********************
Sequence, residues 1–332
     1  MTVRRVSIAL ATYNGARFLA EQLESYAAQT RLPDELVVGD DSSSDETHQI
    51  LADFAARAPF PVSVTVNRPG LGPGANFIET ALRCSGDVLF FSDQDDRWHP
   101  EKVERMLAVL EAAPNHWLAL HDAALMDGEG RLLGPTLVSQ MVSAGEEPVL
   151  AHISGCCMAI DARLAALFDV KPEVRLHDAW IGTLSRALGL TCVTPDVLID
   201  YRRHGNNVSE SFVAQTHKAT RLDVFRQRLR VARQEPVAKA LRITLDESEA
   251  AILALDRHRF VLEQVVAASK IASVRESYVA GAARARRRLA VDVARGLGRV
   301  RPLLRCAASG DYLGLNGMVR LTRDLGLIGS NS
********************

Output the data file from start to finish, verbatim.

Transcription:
Sequence, residues 1–332
     1  MTVRRVSIAL ATYNGARFLA EQLESYAAQT RLPDELVVGD DSSSDETHQI
    51  LADFAARAPF PVSVTVNRPG LGPGANFIET ALRCSGDVLF FSDQDDRWHP
   101  EKVERMLAVL EAAPNHWLAL HDAALMDGEG RLLGPTLVSQ MVSAGEEPVL
   151  AHISGCCMAI DARLAALFDV KPEVRLHDAW IGTLSRALGL TCVTPDVLID
   201  YRRHGNNVSE SFVAQTHKAT RLDVFRQRLR VARQEPVAKA LRITLDESEA
   251  AILALDRHRF VLEQVVAASK IASVRESYVA GAARARRRLA VDVARGLGRV
   301  RPLLRCAASG DYLGLNGMVR LTRDLGLIGS NS